[OT] The Usual Arithmetic Confusions

Ola Fosheim Grøstad ola.fosheim.grostad at gmail.com
Sun Jan 30 10:51:28 UTC 2022

On Saturday, 29 January 2022 at 12:23:28 UTC, Siarhei Siamashka 
> performance disadvantages compared to `a[i]`. My guess is that 
> the D language design in this alternative reality would define 
> arrays indexing as a modular operation and consider the "memory 
> safety" goal perfectly achieved (no out of bounds accesses, 
> yay!).

Yes, the focus on memory safety is too narrow and can be counter 

> I'm not sure if I can fully agree with that. Correctness is a 
> major concern in C++.

It is a concern, but the driving force for switching from 
unsigned int to signed int appears to be more about enabling 
optimization. At least that is my impression.

Another issue is that having multiple integer types can lead to 
multiple instances of templates, which is kinda pointless.

> My understanding is that the primary source of unsigned types 
> in applications is (or at least used to be) the `size_t` type. 
> Which exists, because a memory buffer may technically span over 
> more than half of the address space, at least on a 32-bit 
> system.

Yes, *sizeof* returns *size_t* which is unsigned. I think that 
has more to do with history than practical programming.  But 
there is no reason for modern containers to return unsigned (or 
rather modular ints). Well, other than being consistent with STL, 
but not sure why that would be important.

>> This is something that D should fix!!
> Do you have a good suggestion?

How many programs rely on signed wrap-over? Probably none. You 
could just make a breaking change and provide a compiler flag for 
getting the old behaviour? Then another compiler flag for 
trapping on overflow.

> We lost this transparency a long time ago. Compilers are 
> allowed to optimize out big parts of expressions. Integer 
> divisions by a constant are replaced by multiplications and 
> shifts, etc. Functions are inlined, loops are unrolled and/or 
> vectorized.

But you can control most of those by hints in the source-code or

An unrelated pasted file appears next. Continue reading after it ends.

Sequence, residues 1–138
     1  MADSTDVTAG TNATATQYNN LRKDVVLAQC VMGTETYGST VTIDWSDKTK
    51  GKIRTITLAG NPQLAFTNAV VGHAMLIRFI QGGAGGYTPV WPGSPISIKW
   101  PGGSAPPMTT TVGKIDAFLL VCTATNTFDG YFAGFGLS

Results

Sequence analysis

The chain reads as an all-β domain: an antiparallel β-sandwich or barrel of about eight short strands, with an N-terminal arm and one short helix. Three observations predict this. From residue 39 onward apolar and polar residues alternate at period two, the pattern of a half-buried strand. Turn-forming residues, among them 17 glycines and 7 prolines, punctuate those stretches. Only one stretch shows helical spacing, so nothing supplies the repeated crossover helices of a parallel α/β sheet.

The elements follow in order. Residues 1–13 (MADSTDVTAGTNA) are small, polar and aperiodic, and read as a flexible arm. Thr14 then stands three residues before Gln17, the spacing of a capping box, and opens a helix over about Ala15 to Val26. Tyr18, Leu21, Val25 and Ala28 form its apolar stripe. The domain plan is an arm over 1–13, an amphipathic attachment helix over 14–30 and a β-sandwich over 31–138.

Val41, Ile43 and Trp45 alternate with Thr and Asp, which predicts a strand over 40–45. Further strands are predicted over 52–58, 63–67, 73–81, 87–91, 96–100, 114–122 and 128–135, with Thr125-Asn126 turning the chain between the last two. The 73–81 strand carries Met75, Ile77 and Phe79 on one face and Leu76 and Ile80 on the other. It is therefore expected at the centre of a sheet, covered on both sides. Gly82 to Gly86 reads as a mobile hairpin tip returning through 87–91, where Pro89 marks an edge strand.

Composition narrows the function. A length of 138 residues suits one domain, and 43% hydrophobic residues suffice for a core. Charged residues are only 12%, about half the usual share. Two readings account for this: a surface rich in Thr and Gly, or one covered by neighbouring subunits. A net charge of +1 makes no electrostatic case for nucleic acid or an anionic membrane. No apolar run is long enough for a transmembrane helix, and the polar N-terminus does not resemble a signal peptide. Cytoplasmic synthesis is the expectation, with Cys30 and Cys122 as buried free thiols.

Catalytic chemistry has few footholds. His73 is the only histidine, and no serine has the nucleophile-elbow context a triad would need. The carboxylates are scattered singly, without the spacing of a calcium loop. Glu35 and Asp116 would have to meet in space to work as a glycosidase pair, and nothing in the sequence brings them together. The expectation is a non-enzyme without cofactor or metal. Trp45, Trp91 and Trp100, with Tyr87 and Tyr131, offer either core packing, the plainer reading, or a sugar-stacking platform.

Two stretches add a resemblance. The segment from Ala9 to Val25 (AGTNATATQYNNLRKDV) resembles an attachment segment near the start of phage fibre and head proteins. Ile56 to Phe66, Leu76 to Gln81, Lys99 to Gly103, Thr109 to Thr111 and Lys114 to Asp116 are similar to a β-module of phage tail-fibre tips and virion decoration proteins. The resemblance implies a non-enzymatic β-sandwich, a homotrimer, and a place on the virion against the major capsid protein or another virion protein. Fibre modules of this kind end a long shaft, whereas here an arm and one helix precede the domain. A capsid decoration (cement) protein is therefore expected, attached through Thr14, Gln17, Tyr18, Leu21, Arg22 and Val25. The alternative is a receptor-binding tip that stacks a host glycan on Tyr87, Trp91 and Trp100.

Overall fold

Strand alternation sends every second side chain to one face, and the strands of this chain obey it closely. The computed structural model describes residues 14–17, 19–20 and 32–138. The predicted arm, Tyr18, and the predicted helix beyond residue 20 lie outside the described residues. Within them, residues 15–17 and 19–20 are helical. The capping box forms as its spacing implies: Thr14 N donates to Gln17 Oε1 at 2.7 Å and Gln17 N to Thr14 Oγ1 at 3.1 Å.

compilation flags.

There is a big difference between optimizations that lead to 
faster code (or at least code with consistent performance) and 
code gen that leads to uneven performance. Sometimes hardware is 
bad at consistent performance too, like computations with float 
values near zero (denormal numbers), and that is very unpopular 
among realtime/audio-programmers. You don't want the compiler to 
add more such issues.

> Well, the reality is that this is not just a theoretical 
> discussion anymore. Trapping of arithmetic overflows already 
> exists in the existing programming languages. And programming 
> languages will keep evolving to handle it even better in the 
> future.

Yes, but trapping overflows have always existed in languages 
geared towards higher level programming. C and its descendants 
are the outliers.

It is true though that processor speed and branch-prediction has 
made it more attractive also for those that aim at lower level 

The best solution for a modern language is probably to:

1. Improve the type system so that the compiler more often can 
prove that overflow never can happen for an expression. This can 
also lead to better optimizations.

2. Make signed overflow checks the default, but provide an inline 
annotation to disable it.

I think in general that optimizing all code paths for performance 
is kinda pointless. Usually critical performance is limited to a 
smaller set of functions.

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